Latin America poised to become renewable energy giant, report reveals

Latin America has the potential to increase its utility-scale solar and wind power capacity by more than 460 per cent by 2030, providing that all 319 GW of prospective new projects planned for the region come online, according to a report from Global Energy Monitor (GEM).

Latin America is poised to become one of the world’s largest producers of renewable energy, with almost one billion solar panels’ worth of large-scale clean-electricity projects slated to come online in the next seven years across the region, the report says.

GEM, a US-based non-profit organisation which tracks clean-energy development, states: “Rich in wind and solar resources, Latin America has the potential to be a global leader for renewable energy”.

Together with existing distributed and smaller-scale solar capacity, Latin America will be on track to meet, and potentially surpass, the International Energy Agency’s (IEA) 2030 regional net-zero renewable energy goals if it implements all of its prospective larger-scale projects.

GEM’s report – ‘A Race to the Top’ – tracks the utility-scale buildout of wind and solar across the whole Latin American region, from Mexico to Argentina, mapping the growth trends seen in each country since 2013.

Brazil, Latin America’s biggest economy, is clearly leading the charge. Since 2019, Brazil’s renewables provision has surged from around 2,000GW to over 9,000GW – more than three times greater than any of its Latin American neighbours.

Brazil’s new president, Luiz Inacio Lula da Silva, who took office in January, has vowed to expand clean energy and restore Brazil’s leadership role on climate change, after four years of indifference to climate issues by his far-right predecessor Jair Bolsonaro.

With a collective capacity of over 57GW, Brazil, Chile, Colombia and Mexico make up almost 84 per cent of the existing 69GW of utility-scale solar and wind farms currently operating in the region. Peru has also recorded a notable uptick since 2021.

However, while Brazil, Chile and Colombia stand at the vanguard of the renewables race, Mexico has fallen behind since its 2018 peak and is ultimately only set to reach 70 per cent of its pledge to bring 40GW of solar and wind by 2030, even if all its prospective projects come online. Argentina has also tailed off in recent years.

An early adopter of renewable energy, Mexico is currently home to Latin America’s largest solar and wind projects. However, the future for renewables is decidedly less rosy in that country, following the energy reforms in 2021 promoted by president Andres Manuel Lopez Obrador, a vocal champion of fossil fuels who has made revitalising Mexico’s state oil company Pemex a cornerstone of his administration. “Mexico has stalled,” the report drily notes.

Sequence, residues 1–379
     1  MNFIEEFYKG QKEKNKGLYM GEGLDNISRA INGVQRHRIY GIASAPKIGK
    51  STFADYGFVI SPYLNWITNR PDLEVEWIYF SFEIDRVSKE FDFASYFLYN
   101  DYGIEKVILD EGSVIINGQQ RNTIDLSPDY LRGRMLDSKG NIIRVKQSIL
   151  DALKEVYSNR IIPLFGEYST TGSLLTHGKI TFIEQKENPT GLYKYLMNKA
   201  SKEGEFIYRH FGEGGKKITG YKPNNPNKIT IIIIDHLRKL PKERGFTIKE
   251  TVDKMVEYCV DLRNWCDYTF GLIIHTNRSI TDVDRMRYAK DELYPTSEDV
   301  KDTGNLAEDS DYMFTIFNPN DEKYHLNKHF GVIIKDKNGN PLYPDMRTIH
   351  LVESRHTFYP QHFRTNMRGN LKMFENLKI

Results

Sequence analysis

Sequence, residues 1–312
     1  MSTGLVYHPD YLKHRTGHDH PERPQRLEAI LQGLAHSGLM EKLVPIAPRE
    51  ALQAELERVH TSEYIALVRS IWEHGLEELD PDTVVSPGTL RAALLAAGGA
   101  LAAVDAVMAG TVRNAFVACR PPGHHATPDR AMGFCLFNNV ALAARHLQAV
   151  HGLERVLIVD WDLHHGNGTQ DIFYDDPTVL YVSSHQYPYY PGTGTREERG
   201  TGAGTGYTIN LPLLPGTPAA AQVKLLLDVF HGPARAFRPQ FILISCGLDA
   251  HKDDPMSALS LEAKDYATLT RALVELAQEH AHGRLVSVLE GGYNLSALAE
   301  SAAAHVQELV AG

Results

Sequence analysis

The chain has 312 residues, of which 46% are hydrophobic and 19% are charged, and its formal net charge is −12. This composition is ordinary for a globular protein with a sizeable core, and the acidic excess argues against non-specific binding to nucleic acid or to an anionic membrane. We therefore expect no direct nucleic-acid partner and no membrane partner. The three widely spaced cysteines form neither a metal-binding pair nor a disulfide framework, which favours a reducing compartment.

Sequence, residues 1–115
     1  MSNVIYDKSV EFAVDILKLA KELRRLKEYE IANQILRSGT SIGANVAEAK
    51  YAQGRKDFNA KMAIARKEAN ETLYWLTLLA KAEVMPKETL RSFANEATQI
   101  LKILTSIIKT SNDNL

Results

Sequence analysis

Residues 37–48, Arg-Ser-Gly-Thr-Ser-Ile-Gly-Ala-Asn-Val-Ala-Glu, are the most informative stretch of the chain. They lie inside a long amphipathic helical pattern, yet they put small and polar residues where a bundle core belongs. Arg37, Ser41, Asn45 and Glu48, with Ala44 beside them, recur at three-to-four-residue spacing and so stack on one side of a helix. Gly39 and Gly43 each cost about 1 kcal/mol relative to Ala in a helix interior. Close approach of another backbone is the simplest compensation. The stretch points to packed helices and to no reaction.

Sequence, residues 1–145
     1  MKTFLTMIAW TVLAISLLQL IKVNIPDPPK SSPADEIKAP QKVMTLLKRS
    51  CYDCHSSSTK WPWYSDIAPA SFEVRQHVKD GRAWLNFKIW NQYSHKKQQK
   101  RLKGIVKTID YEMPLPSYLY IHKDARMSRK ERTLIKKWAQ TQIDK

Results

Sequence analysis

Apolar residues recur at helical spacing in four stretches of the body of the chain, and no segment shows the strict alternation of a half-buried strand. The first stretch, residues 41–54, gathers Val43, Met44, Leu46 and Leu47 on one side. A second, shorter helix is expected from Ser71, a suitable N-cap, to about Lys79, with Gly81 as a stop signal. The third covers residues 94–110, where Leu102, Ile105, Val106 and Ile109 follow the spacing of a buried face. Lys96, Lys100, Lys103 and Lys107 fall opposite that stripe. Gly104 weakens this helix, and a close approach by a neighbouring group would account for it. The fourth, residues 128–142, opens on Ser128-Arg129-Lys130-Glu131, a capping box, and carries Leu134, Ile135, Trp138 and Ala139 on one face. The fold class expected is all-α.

“Even if all prospective projects were to come online, the country would only reach approximately 70 percent of its pledge to bring 40 gigawatts of solar and wind by 2030.”

The region’s top five countries in terms of prospective utility-scale solar and wind capacity additions are:

  1. Brazil (217GW)
  2. Chile (38GW)
  3. Colombia (37GW)
  4. Peru (10GW)
  5. Mexico (7GW)

The top five countries in terms of current operating utility-scale solar and wind are:

  1. Brazil (27GW)
  2. Mexico (20GW)
  3. Chile (10GW)
  4. Argentina (5GW)
  5. Uruguay (2GW)

The report also suggests that Latin America has great potential as a producer of offshore wind energy, and that green energy exports offer a potential economic windfall, either by sending surplus electricity to other countries or by using renewable energy to produce green hydrogen for export.

“The renewables race is accelerating quickly, which means countries that have ramped up efforts like Brazil and Colombia must remain vigilant while creating large-scale solar and wind projects,” said Sophia Bauer, a researcher at GEM.

“Latin America can become a world benchmark for a just energy transition if future projects respect ecological balances and bring not only economic, but also social benefits.”

Kasandra O’Malia, a project manager for the Global Solar Power Tracker at GEM, said: “While distributed solar may be at the crux of the renewables transition in Latin America, the region is also at a major inflection point when it comes to supporting important utility-scale projects that could turn it into a global energy giant”

O’Malia also called on the world’s major energy consumers – i.e. the US, Europe and China – to follow Latin America’s example and exponentially expand their implementation of renewable energy projects.

“The rest of the globe is not doing their share,” she said.

GEM’s Latin America renewables report – ‘A Race to the Top‘ – is available to download for free online.

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